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Common Stillwater Mistakes, by Phil Rowley
Part of the fuel that drives my stillwater passion is the time I spend guiding or with students through my seminars or on the water schools. From this time and experience on the water I have watched both clients and students struggle with a number presentation challenges. Listed below are my top five. If some of these hit close to home don’t feel bad, I have made many or most of these presentation mistakes too.
1. Strip, Cast, Extend: This presentation challenge manifests itself when starting out or after making a location change. With the boat or pontoon boat in position the fly fisher begins an exhausting cycle of pulling line off the reel, false casting to extend line and repeating this process until they worked out enough line to complete their presentation. Often they lose control of their cast in the process. In addition to exhaustive casting this process imparts a rocking motion to the boat or pontoon boat. The swells this practice creates radiate from the boat. Any fish in the vicinity know something is up. As most stillwater fly fishers prefer to target the shallows this strip, cast, extend motion puts fish down and in many instances scatters them. The remedy is simple. Strip off enough line that you can comfortably cast. Make 1-2 fast casts and shoot the line to the target.
2. Water Slapping: Water slapping occurs often with floating line presentations. Rather than false casting to extend line the line is allowed to hit the water. After sitting for a moment on the water the line is ripped off the surface more line is extended and the line strikes the water again. This process is repeated a number of times to complete the presentation. As with strip, cast, extend; water slapping scares trout. Especially when using strike indicators. Anyone else in the boat is advised to fish in the opposite direction. This casting practice is tiring. Each successive pickup requires effort to carry the additional line. Often the cast collapses. As with strip, cast, extend get into the habit of using 1-2 false casts and shoot the line to the target. The only time the fly line should land on the water is on the final delivery cast.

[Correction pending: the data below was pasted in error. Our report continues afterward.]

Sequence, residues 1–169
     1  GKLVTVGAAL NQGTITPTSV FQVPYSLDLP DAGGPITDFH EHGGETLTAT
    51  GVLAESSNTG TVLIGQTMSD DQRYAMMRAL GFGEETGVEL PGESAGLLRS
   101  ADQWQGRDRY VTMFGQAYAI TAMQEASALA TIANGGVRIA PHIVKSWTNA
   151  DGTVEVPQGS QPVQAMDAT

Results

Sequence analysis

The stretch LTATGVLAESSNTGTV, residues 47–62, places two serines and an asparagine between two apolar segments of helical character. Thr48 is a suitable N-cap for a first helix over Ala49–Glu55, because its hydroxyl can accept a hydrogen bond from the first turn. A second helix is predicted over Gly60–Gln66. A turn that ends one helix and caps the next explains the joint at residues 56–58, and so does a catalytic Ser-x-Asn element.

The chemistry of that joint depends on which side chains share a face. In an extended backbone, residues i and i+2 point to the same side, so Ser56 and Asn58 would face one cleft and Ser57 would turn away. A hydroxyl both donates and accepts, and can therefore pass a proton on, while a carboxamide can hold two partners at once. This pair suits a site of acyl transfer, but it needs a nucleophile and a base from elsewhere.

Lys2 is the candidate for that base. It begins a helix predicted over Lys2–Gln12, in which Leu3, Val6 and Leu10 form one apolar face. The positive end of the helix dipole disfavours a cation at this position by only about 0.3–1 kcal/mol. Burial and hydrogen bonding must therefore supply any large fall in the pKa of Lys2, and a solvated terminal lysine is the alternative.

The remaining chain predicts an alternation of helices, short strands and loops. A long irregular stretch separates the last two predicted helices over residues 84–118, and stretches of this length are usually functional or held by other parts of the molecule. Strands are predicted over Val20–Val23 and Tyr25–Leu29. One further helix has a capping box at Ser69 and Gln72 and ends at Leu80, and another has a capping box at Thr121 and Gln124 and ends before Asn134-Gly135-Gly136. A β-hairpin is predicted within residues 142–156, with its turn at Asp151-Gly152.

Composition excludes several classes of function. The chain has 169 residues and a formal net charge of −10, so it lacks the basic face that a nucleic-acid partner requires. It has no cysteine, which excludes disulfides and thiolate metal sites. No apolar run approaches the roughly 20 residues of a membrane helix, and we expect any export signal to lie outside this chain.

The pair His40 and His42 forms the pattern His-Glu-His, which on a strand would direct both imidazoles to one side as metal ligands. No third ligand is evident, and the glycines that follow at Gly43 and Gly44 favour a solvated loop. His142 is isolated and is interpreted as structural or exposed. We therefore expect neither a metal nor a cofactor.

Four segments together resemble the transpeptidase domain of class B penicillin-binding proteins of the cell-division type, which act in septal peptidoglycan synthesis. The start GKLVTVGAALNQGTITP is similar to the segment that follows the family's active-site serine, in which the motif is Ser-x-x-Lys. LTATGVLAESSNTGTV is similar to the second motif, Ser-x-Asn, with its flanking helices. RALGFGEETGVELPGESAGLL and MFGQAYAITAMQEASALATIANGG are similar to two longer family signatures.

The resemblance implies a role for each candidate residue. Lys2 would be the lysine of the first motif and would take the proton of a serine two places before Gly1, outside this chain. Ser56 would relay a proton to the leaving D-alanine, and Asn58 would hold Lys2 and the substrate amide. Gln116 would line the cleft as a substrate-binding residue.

3. Excessive False Casting: With the exception of short distance strike indicator presentations the ability to distance casts offers a definite tactical advantage when fly fishing lakes. Using multiple false casts to carry excessive amounts of line is tiring and increases the risk of tailing loops and subsequent tangles. Longer leaders and multiple flies are a mainstay within my stillwater arsenal and excessive false casting with this setup is a recipe for disaster. Once the head section is outside the rod tip trying to cast and extend line using the level running line defeats the purpose of a weight forward line. You are simply asking too much of the shooting line. Shooting line is designed to run behind the head section as it travels towards the target. Strip off a reserve of running line apply smooth power through no more than two false casts to aerialize the head section of the line and load the rod then shoot the running line to the target. Once you get the timing and power application figured out you’ll cast less and cover more distance.
4. Rod Tip: When fly fishing lakes it is important to maintain direct contact with your flies. Trout will exploit any slack between you and your flies and takes will be missed. Unlike moving water fly fishers stillwater anglers don’t have to contend with current so there is no need to keep the fly line off the water. I rarely keep my rod tip no more than 3-4 inches off the water when using floating lines. In the case of sinking lines I stab the rod tip into the water to the first or second guide to ensure I maintain contact with my flies. As soon as the final presentation cast is complete get your rod tip down or in the water. You will miss fewer takes. When you see or feel a take as soon as you strike by raising the rod you ensure a firm hook set. A high rod position means you won’t have the same strike responsiveness or strength. Your ability to convert takes into landed fish drops significantly.
5. Fishing the Hang: All too often at the end of the presentation fly fishers can’t wait to recast and get their flies back in the water. Often as they raise their rod to cast a fish grabs, swirls or slashes at the fly. The hook up percentage is low as the fly ends up being pulled away from the fish. Raising the rod changed your fly’s direction and speed triggering a predatory response. Trout can’t resist anything that flees before their eyes and they pounce. As you near the end of the retrieve begin a slow gradual rod raise and then pause or hang the flies at the surface. Any fish induced by the escaping flies snatches them as they dance and dangle at the surface. The built in hang markers on the In Touch series of sinking lines provide a visual clue when to begin the hang process. Learning and executing the hang will significantly increase your stillwater catch rate.